Marked as political, but more of a justice[sic] issue.
On the day Kelley Williams-Bolar walked out of the Summit County Jail, public outrage over her local school residency case went viral on Internet blogs, Facebook, the vast audience of New York City radio and ABC national news.
Williams-Bolar admitted in a brief telephone interview, hours after her release Wednesday morning, that she was so overwhelmed by the nationwide attention to her story, she could not put it into words.
''I'm just trying to get my head together,'' she said, repeating herself but unable to say anything more.
A jail official confirmed that Williams-Bolar, 40, was released about 10 a.m., after serving nine days of a 10-day sentence for improperly enrolling her children in Copley-Fairlawn schools.
Common Pleas Judge Patricia Cosgrove, who handled the four-day trial and sentencing, gave Williams-Bolar credit for one day of time served. It was derived from the day she was arrested and taken to jail on multiple felony charges in November 2009, court records show.
On Jan. 18, Williams-Bolar was sentenced to 10 days in jail after a jury convicted her of two felony counts of tampering with records. She also was given two years of probation and ordered to perform 80 hours of community service.
Those offenses involved several instances of signed or sworn school registration forms, applications for reduced or free school lunches and other official documents Williams-Bolar authorized when she enrolled her two daughters in Copley-Fairlawn schools in August 2006.
While the girls were registered as living with Williams-Bolar's father in Copley Township within the Copley school district, prosecutors maintained they actually were living with her in Akron, in subsidized housing the Akron Metropolitan Housing Authority provided.
At the time of trial earlier this month, school district officials testified that some 30 to 40 similar residency issues had arisen with other families during the two years at issue in Williams-Bolar's case.
No one else faced criminal prosecution or civil court action, the school officials said.
Criticism on ABC website
By midafternoon Wednesday, a story on the ABC News website had drawn several hundred comments, many of them expressing fury about the single black mother's treatment by the predominantly white Copley-Fairlawn school system.
''This is another new face of racism, bias and discrimination,'' the commentator identified as wi11oh wrote. ''How many drug dealers went free in Akron Ohio?''
The Akron chapter of the National Action Network, led by the Rev. Al Sharpton, was leading an effort on Facebook to raise money to enable Williams-Bolar to afford an appeal of her case. Donations were to be sent directly to her.
7,292 sign petition
A second Facebook petition seeking support for Williams-Bolar grew to 7,292 signatures in less than a day, petition leader Deborah Price of Washington, D.C., said.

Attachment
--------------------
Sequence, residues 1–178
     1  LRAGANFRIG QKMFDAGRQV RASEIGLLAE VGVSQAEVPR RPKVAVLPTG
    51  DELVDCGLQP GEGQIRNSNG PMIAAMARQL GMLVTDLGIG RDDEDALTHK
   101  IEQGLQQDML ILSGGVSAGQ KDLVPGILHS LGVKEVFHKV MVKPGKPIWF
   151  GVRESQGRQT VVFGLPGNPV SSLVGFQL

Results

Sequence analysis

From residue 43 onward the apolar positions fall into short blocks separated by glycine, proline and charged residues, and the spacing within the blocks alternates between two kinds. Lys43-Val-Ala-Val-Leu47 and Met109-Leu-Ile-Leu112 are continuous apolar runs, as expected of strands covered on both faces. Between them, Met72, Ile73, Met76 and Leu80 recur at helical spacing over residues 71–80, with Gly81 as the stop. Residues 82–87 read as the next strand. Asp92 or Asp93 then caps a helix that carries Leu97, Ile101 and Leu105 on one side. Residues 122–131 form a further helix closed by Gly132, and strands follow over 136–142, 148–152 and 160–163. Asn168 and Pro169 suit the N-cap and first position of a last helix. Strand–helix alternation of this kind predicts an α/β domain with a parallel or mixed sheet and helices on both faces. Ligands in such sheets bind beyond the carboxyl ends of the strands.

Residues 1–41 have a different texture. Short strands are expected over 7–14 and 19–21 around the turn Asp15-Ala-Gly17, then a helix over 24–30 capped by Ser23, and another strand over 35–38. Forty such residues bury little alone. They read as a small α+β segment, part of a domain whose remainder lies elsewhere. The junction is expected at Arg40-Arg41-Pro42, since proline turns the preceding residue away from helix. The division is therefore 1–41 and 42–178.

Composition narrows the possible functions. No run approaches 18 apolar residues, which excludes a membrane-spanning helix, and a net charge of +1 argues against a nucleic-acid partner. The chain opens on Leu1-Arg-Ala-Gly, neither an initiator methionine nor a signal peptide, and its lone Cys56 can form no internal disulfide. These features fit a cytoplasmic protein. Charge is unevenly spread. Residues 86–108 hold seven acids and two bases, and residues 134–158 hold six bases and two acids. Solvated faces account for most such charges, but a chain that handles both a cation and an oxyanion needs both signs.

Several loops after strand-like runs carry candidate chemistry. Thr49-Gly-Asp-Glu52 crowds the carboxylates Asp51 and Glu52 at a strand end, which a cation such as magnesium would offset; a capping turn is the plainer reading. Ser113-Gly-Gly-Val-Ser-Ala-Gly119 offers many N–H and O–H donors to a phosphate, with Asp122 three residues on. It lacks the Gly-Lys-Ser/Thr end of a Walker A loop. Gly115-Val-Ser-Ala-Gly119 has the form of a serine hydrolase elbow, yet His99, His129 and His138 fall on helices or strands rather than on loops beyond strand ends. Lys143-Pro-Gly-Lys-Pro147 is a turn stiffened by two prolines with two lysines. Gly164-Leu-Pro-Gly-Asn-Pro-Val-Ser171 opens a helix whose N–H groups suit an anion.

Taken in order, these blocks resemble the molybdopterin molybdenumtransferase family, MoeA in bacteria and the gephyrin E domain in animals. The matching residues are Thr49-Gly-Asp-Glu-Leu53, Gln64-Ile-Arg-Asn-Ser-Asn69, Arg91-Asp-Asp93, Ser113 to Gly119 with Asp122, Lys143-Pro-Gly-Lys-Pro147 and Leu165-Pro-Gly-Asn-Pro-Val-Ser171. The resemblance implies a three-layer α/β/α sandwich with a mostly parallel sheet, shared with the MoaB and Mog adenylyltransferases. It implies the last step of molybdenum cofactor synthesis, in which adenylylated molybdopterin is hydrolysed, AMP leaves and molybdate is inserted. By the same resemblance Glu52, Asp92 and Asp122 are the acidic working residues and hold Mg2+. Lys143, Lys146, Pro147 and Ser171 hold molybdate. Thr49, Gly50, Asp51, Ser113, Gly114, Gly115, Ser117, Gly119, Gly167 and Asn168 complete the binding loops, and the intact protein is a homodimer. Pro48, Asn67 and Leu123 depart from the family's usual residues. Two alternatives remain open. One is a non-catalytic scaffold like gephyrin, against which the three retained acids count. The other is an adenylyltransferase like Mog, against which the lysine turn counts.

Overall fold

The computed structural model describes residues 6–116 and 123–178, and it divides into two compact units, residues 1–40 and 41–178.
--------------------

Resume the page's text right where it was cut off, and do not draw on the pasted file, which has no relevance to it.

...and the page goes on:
''The ladies are so enraged,'' she told the Beacon Journal in an interview Wednesday. ''All the women that have come online have related. It's a living reality for parents.''
WKSU News Director M.L. Schultze discussed the case on NPR's Talk of the Nation. Listeners can hear it via podcast at http://www.npr.org.
A Change.org web-based petition seeking to reduce William-Bolar's sentence on appeal had collected almost 7,000 signatures by midafternoon.
''She has been robbed of the opportunity to elevate her life and the lives of her family through her own intelligence and hard work — the alleged 'American Dream,' '' the petition read in part.
An article on the Daily Kos website said the case had clear racial overtones — and not in a good way.
''If Ms. Williams and her children had been white would the school have gone to this trouble to expose them as supposed 'criminals?' '' MKA 193 wrote under the headline Parenting While Black: Ohio Woman Jailed for 'Stealing an Education.
''I think that any fair-minded observer would have to say 'no.' ''
Beacon Journal writers covering the case were the subjects of interviews on New York City radio station WBAI's (99.5-FM) Wake Up Call on Wednesday.
Judge Jeanine Pirro will interview columnist Bob Dyer on Fox News at 9 p.m. Saturday.
Meanwhile, Copley-Fairlawn's central office received calls from nine media outlets, including ABC, CBS, Fox News, Headline News and National Public Radio, a school spokesperson said.
The office also fielded 31 calls from the general public — 30 of them from people living outside the district.
Stories ran on the Huffington Post, legal websites, Reason.org, Salon.org, Snopes.com. and the African American News blog.
Meeting in Akron
In other developments in the case, Akron City Council President Marco Sommerville met with Summit County Prosecutor Sherri Bevan Walsh on Wednesday afternoon to discuss the issue of why the case could not have been resolved without the filing of felony charges.
No details of that meeting were provided.
Williams-Bolar, a single mother who was going to college and working as a teaching assistant at Buchtel High School, had no previous record.
Within hours of the sentencing hearing, Cosgrove spoke out after becoming the target of public outcry over the case, which threatens the mother's job and her hopes to become a school teacher.